Strangely, these kits all detected and set SPD, XMP, and voltages correctly. The problem was that none of these modules would run in quad-channel mode. I even went so far as to pull the Patriot Viper Elite modules out of my own system for validation. Those wouldn’t run in quad-channel mode either. I ended up picking up a set of G.Skill FlareX modules from Kyle. Those modules were the only ones I tested which worked correctly. Those modules ran perfectly in quad-channel mode. Due to having reasonably good latencies, I was able to achieve some excellent Sandra memory scores with them. As always, using compatible modules is key to having a successful build.

It's also worth noting that the G.Skill Flare X kit isn’t a 32GB kit. Its two 16GB kits that use the same part number and specifications across the board. These are also modules that are expressly designed to work on AMD processor-based systems. I’ve rarely had good experiences mixing modules from two different kits even when the part numbers match. Credit where credit is due, these G.Skill modules have been nothing short of excellent with AM4 and TR4 based systems so far.

With the G.Skill modules and the UEFI BIOS update to version F4d, I didn’t have any problems with the UEFI resetting on me or have any trouble dialing in my overclock. All I had to do was set the CPU multiplier, the CPU vCore and enable XMP. That’s it. I changed three settings to achieve a result of 4.2GHz @ 1.425v w/DDR4 3200MHz memory. While the issues outlined above are easily mitigated by using newer RAM and the latest UEFI BIOS, its important to provide this information in the interest of full disclosure. These were the experiences I had and overcoming them was a simple task. Its issues like these that force us to update our testing hardware on a somewhat regular basis and its likely you won’t ever have to go through the same type of issues in most cases.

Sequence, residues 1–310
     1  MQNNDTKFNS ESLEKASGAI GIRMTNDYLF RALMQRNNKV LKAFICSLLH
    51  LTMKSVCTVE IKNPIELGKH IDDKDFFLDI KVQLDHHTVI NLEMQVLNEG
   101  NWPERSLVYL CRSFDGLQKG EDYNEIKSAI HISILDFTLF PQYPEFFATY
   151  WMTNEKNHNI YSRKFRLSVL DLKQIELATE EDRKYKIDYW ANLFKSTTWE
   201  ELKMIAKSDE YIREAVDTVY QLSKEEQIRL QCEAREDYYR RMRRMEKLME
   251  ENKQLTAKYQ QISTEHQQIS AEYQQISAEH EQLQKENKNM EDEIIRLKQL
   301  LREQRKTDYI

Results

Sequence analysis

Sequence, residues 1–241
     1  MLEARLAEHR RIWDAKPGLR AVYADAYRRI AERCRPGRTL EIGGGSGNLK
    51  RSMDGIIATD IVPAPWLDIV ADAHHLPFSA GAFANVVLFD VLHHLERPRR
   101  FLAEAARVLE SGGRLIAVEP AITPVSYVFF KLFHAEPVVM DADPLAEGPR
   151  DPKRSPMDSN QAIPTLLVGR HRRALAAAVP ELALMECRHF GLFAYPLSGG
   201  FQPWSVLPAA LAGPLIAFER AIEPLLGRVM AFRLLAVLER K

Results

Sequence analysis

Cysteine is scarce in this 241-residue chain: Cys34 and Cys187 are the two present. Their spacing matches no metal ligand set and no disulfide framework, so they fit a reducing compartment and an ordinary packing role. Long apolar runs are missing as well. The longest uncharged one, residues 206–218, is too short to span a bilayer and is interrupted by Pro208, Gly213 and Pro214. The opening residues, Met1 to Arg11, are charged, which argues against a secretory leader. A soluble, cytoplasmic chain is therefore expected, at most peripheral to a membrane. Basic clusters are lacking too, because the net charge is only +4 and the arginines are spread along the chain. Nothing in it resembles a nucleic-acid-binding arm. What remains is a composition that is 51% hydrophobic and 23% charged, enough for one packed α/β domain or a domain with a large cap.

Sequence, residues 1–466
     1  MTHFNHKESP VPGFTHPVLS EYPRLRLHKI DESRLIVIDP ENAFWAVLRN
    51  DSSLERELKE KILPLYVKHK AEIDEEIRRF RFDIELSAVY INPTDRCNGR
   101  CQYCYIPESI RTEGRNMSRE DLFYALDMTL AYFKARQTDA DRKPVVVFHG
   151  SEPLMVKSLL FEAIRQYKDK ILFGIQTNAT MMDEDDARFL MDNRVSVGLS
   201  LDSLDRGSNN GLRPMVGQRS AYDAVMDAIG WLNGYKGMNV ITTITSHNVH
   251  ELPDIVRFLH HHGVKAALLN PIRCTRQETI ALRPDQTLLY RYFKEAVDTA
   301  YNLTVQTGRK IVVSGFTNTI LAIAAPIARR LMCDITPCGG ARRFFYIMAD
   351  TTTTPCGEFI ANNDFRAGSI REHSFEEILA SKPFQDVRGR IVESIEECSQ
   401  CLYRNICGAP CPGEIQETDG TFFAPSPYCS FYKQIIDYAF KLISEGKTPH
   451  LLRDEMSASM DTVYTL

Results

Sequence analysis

Conclusions

Dan's Thoughts:

Barring the overclocking and memory issues outlined above, my experiences with the GIGABYTE X399 Aorus Xtreme were nothing short of excellent. The out-of-box experience was flawless and I had no trouble setting up the system for testing. The NVMe RAID configuration was a breeze as was OS installation. The UEFI was easy enough to navigate and the driver installation went off without a hitch.

So, let’s get down to it. Naturally I keep up with the comments and discussions in our forums and there seems to be some confusion over X399, Threadripper and its place in the market. I keep seeing the same comments over and over for each of these socket TR4 motherboards we review. Most of the comments center around the aesthetics of the motherboard and RGB LED lighting. What you must understand, is that while AMD is essentially competing against Intel in the HEDT market, Threadripper and the Core i9 family of processors are very different animals. While they are direct competitors, they differ in one key way. AMD’s motherboard partners have a select few models designed to support these CPUs. On the other hand, there are many X299 motherboards offered by those same vendors which cover a much broader cost spectrum.

What does this mean? It's simple. AMD doesn’t have the same control over its board partners that Intel does. Motherboard manufacturers had to make a choice on what direction it would go with its Threadripper compatible motherboards. The processor is just a processor and since the HEDT processors are largely derived from server CPUs, people seem to be under the impression that these are strictly workstation processors and that their motherboards need to have a more professional anesthetic to them. Think of it this way. X399 and socket TR4 are like a Crossover. A Crossover is a vehicle that’s not quite a car and not quite an SUV. They are typically based on car chassis, but are not strictly cars and appeal to a market that wants to have one foot in each world. The HEDT market is the same way. The hardware may have its origins in the server and workstation world, but it's closer to gaming hardware based on the platforms built to run them.